Triathlon Start Strategies
An even pace wins the race
For some triathletes, the most daunting part of the race is the first 30 seconds. After floating in place among as many as 2,000 other swimmers (in the case of an in-water Ironman start), the silence is abruptly broken by the starter’s call and so begins the flailing of elbows and feet. Swimmers spar and jockey for position while churning along at their top speed. It’s an emotionally and physically exhausting experience, and most swimmers will hit a wall of fatigue after a mere 100 meters of this melee. All good intentions and training for perfect technique have already gone by the wayside.
But this situation raises a question: You’d never start a long cycling or running race at your top speed, so why start a swimming race that way?
The short and obvious answer is that “everybody else is doing it,” and you must fight to keep your position and stay in the flow of traffic. But it doesn’t have to be this way.
Experienced triathletes have a specific plan for lining up in the pack before the race start. The brave ones find a space in the front and center. The timid ones hang in the back. One thing’s for sure: you must have a plan for finding a starting spot that suits your strategy. In the interest of energy conservation, your strategy should be based on the pace you’d like to hold for the duration of the swim, as opposed to attempting to do battle to hold a position. Worried about getting pushed too far to the inside or outside and losing the pack? Consider the unlikelihood of anyone being able to hold an intense anaerobic pace for more than 50 meters.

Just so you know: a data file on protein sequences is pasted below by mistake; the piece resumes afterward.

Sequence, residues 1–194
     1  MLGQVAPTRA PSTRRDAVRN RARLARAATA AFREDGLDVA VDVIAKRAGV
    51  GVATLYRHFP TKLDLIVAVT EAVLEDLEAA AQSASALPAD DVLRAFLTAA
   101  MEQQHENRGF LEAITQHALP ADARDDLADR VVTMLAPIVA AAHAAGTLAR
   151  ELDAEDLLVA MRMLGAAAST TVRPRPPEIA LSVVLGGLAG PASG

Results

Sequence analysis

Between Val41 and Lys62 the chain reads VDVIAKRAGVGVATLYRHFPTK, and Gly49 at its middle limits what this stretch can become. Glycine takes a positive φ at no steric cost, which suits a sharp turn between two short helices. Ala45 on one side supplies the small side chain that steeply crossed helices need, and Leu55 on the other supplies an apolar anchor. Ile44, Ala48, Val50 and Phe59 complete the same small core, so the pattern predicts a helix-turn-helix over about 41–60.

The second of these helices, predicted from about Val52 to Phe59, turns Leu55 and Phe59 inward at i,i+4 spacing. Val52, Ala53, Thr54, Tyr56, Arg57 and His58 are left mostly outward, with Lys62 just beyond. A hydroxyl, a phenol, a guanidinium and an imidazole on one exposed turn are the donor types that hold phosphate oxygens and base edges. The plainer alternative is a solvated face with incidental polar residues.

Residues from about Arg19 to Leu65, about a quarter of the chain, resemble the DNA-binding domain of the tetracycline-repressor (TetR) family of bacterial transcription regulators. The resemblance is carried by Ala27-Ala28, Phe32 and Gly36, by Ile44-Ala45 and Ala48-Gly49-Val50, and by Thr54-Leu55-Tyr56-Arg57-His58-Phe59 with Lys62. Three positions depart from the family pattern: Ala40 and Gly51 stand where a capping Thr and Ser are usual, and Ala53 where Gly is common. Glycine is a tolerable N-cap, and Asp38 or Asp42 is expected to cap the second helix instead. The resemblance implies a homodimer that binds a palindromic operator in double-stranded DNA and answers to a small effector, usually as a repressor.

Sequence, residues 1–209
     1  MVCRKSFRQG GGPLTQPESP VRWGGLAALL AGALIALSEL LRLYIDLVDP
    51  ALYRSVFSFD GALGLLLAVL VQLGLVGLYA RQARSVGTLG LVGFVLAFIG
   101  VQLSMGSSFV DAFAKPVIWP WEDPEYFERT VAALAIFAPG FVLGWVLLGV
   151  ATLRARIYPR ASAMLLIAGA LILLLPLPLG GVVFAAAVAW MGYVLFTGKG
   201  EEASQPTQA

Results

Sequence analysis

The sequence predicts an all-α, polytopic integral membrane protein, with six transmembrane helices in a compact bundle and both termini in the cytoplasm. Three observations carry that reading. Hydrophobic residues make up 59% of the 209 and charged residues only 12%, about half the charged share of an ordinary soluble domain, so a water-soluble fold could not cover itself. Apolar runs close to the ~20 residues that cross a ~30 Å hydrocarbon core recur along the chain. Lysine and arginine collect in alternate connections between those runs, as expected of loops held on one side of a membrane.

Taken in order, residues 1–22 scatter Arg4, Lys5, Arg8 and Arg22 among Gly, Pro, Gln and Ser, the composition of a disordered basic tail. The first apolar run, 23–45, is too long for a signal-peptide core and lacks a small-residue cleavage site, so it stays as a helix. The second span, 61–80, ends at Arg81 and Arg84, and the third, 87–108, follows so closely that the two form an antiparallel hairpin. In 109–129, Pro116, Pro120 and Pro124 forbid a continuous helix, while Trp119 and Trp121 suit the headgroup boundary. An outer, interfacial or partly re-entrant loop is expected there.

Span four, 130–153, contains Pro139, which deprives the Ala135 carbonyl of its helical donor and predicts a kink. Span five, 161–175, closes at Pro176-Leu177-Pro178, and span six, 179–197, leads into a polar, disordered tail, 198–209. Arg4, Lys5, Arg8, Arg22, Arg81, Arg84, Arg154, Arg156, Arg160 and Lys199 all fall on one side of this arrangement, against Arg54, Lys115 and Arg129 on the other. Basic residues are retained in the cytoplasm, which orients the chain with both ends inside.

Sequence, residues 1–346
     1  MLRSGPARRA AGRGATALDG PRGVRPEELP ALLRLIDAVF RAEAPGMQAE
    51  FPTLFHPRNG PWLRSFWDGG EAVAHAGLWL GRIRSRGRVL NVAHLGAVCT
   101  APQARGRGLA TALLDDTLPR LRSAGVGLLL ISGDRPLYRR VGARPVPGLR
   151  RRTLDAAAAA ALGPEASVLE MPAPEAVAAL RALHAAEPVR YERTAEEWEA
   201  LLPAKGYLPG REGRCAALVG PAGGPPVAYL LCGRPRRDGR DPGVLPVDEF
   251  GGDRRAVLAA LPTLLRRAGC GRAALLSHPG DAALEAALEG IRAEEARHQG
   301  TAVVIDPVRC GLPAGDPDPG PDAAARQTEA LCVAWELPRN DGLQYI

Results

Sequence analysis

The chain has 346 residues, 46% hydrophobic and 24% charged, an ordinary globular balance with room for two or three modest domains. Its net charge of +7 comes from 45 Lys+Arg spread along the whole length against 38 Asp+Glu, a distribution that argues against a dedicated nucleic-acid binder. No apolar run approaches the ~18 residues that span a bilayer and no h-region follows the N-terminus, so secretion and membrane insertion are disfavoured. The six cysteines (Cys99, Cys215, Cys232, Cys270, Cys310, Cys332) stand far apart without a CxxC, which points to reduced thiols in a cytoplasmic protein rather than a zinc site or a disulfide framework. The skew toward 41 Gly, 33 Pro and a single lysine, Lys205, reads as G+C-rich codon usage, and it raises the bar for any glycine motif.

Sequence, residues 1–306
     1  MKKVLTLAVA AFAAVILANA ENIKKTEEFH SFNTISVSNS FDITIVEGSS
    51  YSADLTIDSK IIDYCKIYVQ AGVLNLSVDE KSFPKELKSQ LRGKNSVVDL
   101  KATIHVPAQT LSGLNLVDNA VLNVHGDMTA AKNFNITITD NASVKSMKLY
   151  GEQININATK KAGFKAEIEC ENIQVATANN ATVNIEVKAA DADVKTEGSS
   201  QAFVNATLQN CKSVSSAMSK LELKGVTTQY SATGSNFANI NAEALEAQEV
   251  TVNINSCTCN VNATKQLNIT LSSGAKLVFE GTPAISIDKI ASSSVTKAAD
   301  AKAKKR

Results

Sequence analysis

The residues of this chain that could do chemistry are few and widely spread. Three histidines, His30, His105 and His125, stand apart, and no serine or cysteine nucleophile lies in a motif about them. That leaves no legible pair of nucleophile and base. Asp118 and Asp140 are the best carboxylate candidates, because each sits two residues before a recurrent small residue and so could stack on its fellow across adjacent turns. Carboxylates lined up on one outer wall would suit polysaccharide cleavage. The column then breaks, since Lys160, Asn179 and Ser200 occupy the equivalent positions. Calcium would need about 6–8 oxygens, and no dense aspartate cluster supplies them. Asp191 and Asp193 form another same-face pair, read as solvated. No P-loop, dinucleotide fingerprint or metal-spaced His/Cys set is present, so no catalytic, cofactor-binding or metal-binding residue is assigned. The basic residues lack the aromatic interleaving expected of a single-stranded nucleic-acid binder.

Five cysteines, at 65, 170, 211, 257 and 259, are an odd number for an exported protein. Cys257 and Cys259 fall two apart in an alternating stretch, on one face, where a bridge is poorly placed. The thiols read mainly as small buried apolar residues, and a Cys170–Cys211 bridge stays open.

Suppose that the average pace of an open water swim is 1:30 per 100 meters. In the frenzy of the race start, some swimmers blast ahead with a 1:15. Because of the overexertion of energy, they’ll fall off to around 1:45 in the next two or three 100s. In that case, swimmers who began the race at 1:30 pace will be even again with the start pack after 200 meters, and better able to pull ahead since they are already holding a steadier aerobic pace than the start pack.
The benefits of an even-paced swim leg in a triathlon are obvious. Avoiding a heart rate spike right from the get-go will keep you fresher for the bike and run. Beginning the swim at your own pace will also enable you to focus on proper technique: balanced body position, symmetry and rotation, and a comfortable breathing rhythm. Your swim split may not drop much at all and it might even increase slightly, but the key in triathlon, for a dedicated cyclist or runner, is to not have an empty tank when it’s time for the leg of the race that is your specialty.
To execute your strategy, study the swim course in advance. Most sanctioned races make the course map available online (or at least, the map should be posted the morning of the race). Note the positions of turn buoys and the swim exit. Another sound option is to always line up on the outside rather than the inside of the back, because this surge of athletes will be swimming directly towards the next buoy, causing a traffic backup.